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Int J Obes (Lond). 2019 Jan 22. doi: 10.1038/s41366-018-0316-6. [Epub ahead of print]

Maternal antibiotic use during pregnancy and childhood obesity at age 5 years.

Author information

1
Department of Pediatrics, Vanderbilt University Medical Center, Nashville, TN, USA. bill.heerman@vumc.org.
2
Institute for Health Research, Kaiser Permanente Colorado, Aurora, CO, 80014, USA.
3
School of Public Health, Oregon Health and Science University/Portland State University, Portland, OR, USA.
4
Division of Chronic Disease Research Across the Lifecourse (CoRAL), Department of Population Medicine, Harvard Pilgrim Health Care Institute, Harvard Medical School, Boston, MA, USA.
5
Applied Clinical Research Center, Department of Pediatrics, Children's Hospital of Philadelphia, Philadelphia, PA, USA.
6
Therapeutics Research and Infectious Disease Epidemiology Group, Department of Population Medicine, Harvard Pilgrim Health Care Institute, Harvard Medical School, Boston, MA, USA.
7
Dr. Gillman is now Director of the Environmental Influences on Child Health Outcomes (ECHO) Program, Office of the Director, National Institutes of Health, Bethesda, MD, USA.
8
Department of Clinical and Health Psychology, College of Public Health and Health Professions, University of Florida, Gainesville, FL, USA.
9
HealthPartners Institute, Department of Research, Bloomington, MN, USA.
10
North Fork School District, Utica, OH, USA.
11
Department of Pediatrics, New York University, Bellevue Hospital Center, New York, NY, USA.

Abstract

OBJECTIVE:

The benefits of antibiotic treatment during pregnancy are immediate, but there may be long-term risks to the developing child. Prior studies show an association between early life antibiotics and obesity, but few have examined this risk during pregnancy.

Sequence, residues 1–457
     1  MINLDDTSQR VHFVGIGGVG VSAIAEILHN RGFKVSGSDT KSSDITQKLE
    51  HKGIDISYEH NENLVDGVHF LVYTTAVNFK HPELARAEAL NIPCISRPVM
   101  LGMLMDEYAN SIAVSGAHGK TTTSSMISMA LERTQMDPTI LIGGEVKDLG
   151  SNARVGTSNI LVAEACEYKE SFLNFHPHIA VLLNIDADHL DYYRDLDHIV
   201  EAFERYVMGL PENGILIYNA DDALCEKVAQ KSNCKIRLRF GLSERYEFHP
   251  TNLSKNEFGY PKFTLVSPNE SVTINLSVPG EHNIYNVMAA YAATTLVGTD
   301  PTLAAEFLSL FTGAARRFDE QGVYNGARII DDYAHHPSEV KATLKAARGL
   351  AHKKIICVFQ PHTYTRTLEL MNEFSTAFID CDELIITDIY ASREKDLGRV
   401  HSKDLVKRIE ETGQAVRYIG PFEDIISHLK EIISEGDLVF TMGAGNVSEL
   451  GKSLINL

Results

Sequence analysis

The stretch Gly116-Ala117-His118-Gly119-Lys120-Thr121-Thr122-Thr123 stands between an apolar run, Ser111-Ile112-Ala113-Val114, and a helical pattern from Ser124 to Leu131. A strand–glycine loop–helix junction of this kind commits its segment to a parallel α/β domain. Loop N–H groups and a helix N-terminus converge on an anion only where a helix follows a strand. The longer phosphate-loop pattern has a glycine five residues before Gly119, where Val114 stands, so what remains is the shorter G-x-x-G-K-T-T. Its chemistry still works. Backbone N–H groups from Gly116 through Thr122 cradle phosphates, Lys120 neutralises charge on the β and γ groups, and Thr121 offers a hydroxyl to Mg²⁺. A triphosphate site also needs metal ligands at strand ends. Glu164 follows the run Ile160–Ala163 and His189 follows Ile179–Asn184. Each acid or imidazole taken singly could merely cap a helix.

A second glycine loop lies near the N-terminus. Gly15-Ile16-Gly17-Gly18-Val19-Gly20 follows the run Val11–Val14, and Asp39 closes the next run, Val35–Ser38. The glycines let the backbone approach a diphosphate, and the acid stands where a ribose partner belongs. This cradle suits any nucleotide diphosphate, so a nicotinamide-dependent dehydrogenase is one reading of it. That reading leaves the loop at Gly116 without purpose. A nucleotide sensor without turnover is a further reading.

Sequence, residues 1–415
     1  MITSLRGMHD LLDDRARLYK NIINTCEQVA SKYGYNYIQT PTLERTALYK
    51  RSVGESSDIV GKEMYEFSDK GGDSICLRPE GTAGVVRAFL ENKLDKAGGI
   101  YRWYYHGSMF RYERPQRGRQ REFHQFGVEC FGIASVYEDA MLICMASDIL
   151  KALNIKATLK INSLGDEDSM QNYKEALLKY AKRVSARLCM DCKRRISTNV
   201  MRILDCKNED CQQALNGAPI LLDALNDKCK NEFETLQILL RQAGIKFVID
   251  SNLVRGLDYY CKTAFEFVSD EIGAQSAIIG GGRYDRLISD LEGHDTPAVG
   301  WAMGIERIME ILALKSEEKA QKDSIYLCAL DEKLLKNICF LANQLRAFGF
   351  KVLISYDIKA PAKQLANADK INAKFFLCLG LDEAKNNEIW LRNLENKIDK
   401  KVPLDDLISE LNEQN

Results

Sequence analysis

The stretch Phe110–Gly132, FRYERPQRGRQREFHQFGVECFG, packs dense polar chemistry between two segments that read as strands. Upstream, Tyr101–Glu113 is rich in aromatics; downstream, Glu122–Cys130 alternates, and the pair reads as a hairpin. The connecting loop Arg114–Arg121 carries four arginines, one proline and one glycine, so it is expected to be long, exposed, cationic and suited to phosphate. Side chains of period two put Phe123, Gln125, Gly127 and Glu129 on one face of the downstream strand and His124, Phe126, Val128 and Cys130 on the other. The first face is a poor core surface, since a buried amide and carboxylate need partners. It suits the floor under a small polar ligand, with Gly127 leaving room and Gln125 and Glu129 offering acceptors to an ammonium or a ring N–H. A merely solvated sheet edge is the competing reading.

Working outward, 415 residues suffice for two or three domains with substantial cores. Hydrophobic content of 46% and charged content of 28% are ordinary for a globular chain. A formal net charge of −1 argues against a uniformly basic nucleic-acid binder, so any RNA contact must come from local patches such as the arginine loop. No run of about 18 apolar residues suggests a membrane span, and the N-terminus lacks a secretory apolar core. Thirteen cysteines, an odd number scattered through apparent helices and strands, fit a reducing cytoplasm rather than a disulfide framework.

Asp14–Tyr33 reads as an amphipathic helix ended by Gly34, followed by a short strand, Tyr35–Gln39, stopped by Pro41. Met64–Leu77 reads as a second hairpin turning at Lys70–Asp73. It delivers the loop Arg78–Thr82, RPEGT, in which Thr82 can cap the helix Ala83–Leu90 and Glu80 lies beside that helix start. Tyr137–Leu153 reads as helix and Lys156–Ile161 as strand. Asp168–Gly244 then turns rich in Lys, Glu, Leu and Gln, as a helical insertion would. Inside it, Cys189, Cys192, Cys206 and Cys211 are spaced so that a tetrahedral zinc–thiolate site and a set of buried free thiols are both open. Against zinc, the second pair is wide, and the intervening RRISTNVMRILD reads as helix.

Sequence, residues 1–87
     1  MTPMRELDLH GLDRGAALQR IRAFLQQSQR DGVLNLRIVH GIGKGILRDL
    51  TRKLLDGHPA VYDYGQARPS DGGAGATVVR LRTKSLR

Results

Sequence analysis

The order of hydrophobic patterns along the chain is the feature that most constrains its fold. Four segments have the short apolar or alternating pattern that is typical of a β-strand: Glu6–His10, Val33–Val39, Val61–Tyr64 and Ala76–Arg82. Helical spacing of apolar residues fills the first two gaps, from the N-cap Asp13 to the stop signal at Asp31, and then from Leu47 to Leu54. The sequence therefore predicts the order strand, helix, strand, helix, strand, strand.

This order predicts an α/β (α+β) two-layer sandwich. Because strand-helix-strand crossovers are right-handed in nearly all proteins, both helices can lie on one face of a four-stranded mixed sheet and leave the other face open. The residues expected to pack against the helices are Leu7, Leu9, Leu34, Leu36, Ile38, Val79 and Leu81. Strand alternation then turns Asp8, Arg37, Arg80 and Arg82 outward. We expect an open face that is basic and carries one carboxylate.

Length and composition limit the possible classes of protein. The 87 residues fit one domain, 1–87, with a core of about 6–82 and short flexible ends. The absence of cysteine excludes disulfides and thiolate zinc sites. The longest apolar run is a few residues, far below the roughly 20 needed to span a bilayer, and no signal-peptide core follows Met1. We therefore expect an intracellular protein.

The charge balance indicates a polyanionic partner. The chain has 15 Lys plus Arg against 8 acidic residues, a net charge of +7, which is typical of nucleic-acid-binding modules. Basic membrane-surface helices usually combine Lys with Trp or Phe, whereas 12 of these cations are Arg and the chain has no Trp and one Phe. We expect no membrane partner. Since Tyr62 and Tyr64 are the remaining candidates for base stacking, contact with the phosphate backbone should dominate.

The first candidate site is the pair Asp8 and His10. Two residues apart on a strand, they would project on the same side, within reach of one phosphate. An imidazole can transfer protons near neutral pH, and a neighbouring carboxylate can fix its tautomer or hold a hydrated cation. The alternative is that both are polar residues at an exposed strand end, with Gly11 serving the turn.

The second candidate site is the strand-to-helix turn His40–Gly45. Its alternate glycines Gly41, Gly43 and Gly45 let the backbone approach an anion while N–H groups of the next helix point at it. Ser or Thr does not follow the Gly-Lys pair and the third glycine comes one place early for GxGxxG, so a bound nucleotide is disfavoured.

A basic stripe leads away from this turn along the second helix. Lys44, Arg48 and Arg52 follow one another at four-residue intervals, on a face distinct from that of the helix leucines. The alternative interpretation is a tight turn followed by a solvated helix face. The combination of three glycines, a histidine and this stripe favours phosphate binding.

SUBJECTS:

To evaluate the association of maternal antibiotic exposure during pregnancy on childhood BMI-z at 5 years, we conducted a retrospective cohort analysis. Using electronic health record data from seven health systems in PCORnet, a national distributed clinical research network, we included children with same-day height and weight measures who could be linked to mothers with vital measurements during pregnancy. The primary independent variable was maternal outpatient antibiotic prescriptions during pregnancy (any versus none). We examined dose response (number of antibiotic episodes), spectrum and class of antibiotics, and antibiotic episodes by trimester. The primary outcome was child age- and sex-specific BMI-z at age 5 years.

RESULTS:

The final sample was 53,320 mother-child pairs. During pregnancy, 29.9% of mothers received antibiotics. In adjusted models, maternal outpatient antibiotic prescriptions during pregnancy were not associated with child BMI-z at age 5 years (β = 0.00, 95% CI -0.03, 0.02). When evaluating timing during pregnancy, dose-response, spectrum and class of antibiotics, there were no associations of maternal antibiotics with child BMI-z at age 5 years.

CONCLUSION:

In this large observational cohort, provision of antibiotics during pregnancy was not associated with childhood BMI-z at 5 years.

PMID:
30670848
DOI:
10.1038/s41366-018-0316-6

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